29 Ways to Cut Costs on Fertility Treatment in Maryland

Making Fertility More Affordable

Disclaimer: This post is in no way sponsored or endorsed by any organizations linked within.

I suspect you’re reading this because you, yourself, or someone you know is being faced with proposed treatment options from a fertility center on a path to parenthood. First and foremost, I want to say you have my heart, hugs, prayers, and best thoughts as you are on your particular journey. It is mentally and physically taxing – and I wouldn’t wish this diagnosis on my worst enemy.

You have been assigned this mountain to show others it can be moved.

Second, I suspect you’d like to make your treatment more budget-friendly and affordable. Here are some of the many ways you can bring costs down from out of the stratosphere:

Seek Treatment Early

1) The younger you (and your partner) are seen, the more time you’ll have on your side and the greater chance of success on fewer round(s) of treatment. Those of AMA (advance maternal age) or DOR (diminishing ovarian reserve) may not qualify for “shared risk” programs, as discussed later in this post…so again, the earlier the better.


2) If you haven’t yet started with a particular clinic or a consultation* with a Reproductive Endocrinologist (RE), consider joining email lists and attending educational events, such as webinars or seminars, offered by clinics local to you (or ones that specialize in your particular needs and offers high success rates for your particular diagnosis or treatment). Shady Grove Fertility (SGF), with nearly 30 offices conveniently located up and down the Eastern Seaboard in the U.S. has had over 50,000 babies born since its founding in 1991. And, based on 2016 CDC stats, SGF was the busiest IVF clinic in the United States, hence using it in my examples throughout this post. Its relatively new Rockville lab is the largest IVF lab in the U.S. (Washingtonian: Shady Grove Fertility Started as a Tiny Maryland Clinic. Now It’s the Country’s Biggest Babymaker.)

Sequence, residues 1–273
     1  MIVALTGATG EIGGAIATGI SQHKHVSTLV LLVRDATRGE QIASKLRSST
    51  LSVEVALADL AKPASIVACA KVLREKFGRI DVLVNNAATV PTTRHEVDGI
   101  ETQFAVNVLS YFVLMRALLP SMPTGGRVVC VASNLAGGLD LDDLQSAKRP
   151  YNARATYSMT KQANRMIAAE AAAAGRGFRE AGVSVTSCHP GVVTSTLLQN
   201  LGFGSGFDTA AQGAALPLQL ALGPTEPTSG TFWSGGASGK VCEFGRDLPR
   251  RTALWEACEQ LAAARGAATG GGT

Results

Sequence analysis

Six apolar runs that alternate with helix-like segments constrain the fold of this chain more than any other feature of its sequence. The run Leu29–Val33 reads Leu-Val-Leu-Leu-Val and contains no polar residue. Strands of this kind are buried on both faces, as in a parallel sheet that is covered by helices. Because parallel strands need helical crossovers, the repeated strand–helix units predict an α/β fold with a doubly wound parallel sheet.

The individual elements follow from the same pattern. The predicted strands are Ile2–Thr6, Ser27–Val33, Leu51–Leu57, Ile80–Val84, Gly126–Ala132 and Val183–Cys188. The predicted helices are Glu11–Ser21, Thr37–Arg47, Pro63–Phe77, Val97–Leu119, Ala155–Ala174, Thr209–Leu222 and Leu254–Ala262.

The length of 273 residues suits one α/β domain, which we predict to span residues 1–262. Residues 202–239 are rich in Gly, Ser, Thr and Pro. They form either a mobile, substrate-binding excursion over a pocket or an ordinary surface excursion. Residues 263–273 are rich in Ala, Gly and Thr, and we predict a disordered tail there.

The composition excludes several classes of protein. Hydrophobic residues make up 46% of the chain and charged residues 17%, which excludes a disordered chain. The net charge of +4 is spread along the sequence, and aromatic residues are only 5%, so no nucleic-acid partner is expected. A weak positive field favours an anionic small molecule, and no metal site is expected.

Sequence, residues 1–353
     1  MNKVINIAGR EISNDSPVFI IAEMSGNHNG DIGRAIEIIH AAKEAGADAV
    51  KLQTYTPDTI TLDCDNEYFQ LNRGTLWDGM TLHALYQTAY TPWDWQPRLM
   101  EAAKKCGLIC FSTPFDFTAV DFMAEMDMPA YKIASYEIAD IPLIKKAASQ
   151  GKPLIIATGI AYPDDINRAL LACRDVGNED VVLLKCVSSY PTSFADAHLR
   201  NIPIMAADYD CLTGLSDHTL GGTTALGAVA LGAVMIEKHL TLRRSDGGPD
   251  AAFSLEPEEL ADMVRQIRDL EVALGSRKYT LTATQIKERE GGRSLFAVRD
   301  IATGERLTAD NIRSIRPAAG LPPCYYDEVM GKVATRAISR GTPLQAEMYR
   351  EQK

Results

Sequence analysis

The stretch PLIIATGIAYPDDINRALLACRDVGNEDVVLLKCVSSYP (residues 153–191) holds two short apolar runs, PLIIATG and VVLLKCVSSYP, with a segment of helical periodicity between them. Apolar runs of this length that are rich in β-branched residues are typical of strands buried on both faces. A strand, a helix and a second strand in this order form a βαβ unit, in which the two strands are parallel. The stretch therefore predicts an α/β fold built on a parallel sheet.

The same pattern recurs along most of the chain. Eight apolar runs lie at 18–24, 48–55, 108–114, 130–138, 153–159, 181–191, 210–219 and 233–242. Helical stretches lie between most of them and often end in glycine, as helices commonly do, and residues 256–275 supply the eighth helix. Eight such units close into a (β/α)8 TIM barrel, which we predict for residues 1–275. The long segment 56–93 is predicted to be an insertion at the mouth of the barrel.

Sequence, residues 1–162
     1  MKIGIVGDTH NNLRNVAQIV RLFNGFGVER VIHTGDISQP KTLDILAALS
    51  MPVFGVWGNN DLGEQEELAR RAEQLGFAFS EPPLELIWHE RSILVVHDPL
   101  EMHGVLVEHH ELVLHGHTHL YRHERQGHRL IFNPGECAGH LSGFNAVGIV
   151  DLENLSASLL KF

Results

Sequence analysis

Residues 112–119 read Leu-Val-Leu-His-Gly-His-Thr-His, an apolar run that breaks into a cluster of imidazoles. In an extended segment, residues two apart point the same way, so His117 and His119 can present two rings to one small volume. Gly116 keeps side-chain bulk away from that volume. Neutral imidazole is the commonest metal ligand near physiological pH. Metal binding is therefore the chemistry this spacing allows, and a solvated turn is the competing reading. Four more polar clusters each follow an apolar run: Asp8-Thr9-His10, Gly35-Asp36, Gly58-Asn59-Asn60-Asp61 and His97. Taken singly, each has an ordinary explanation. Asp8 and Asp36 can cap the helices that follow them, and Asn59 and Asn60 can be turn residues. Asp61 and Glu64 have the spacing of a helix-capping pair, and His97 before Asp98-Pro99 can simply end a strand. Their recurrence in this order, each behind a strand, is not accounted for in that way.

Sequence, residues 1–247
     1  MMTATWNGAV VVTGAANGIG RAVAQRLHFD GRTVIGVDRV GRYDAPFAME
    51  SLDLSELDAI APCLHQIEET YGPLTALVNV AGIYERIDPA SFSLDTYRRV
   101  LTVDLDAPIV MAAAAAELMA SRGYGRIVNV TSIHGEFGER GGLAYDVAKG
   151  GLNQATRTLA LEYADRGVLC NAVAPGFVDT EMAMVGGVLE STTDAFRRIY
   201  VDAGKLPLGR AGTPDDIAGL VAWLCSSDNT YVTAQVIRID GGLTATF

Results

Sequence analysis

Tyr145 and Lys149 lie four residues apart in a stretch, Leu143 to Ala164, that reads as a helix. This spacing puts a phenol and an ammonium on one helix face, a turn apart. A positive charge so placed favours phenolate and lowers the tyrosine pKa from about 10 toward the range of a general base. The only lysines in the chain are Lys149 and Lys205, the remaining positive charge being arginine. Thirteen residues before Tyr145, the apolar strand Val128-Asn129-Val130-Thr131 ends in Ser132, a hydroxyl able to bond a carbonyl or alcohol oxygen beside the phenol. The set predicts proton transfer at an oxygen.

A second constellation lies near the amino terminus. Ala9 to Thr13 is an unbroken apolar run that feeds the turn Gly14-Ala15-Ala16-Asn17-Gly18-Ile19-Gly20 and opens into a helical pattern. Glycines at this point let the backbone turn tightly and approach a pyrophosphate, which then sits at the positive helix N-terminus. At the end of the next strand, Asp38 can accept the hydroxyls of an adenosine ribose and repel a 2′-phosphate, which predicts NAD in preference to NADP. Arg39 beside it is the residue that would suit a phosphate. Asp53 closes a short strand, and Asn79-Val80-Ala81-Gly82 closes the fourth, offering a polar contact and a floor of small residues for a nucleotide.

*Inquire with your selected fertility clinics if your initial consultation (and potentially what testing) is covered by your insurance.

3) If your clinic has a financial counselor available, take advantage of this person’s knowledge. They are going to be your best resource to determine coverage that meets your treatment needs. State exactly what you need and be sure to research the right questions to ask. Be honest regarding your financial resources when speaking with this individual. They’ve seen worse situations than yours and it’s their job to make this work for you (or they wouldn’t be in business).

Health Insurance & Programs & Taxes

4) If you are seeking treatment as a couple, and are both working, compare fertility coverage to that of your spouse’s workplace insurance plan. Take advantage of open enrollment periods (a period at your spouse’s employer allows you to change to your plan too) and qualifying life events. Does one of the plans offer an HSA (Health Savings Account) or HRA (Health Reimbursement Arrangement) plan that come (perhaps even partially) pre-funded by the employer? The spouse undergoing egg retrieval will need to be on that plan to gain access to the funds.

According to the National Conference of State Legislatures (NCSL):

Since the 1980s, 15 states—Arkansas, California, Connecticut, Hawaii, Illinois, Louisiana, Maryland, Massachusetts, Montana, New Jersey, New York, Ohio, Rhode Island, Texas and West Virginia—have passed laws that require insurers to either cover or offer coverage for infertility diagnosis and treatment. Of those states, thirteen have laws that require insurance companies to cover infertility treatment and two states—California and Texas—have laws that require insurance companies to offer coverage for infertility treatment.

That does not necessarily mean you need to be a resident of one of those states. What it does mean is the state where your insurance plan is based has to adhere to those laws. If you or your partner’s workplace insurance plan stems from the state in which your organization is headquartered, that may give you additional coverage.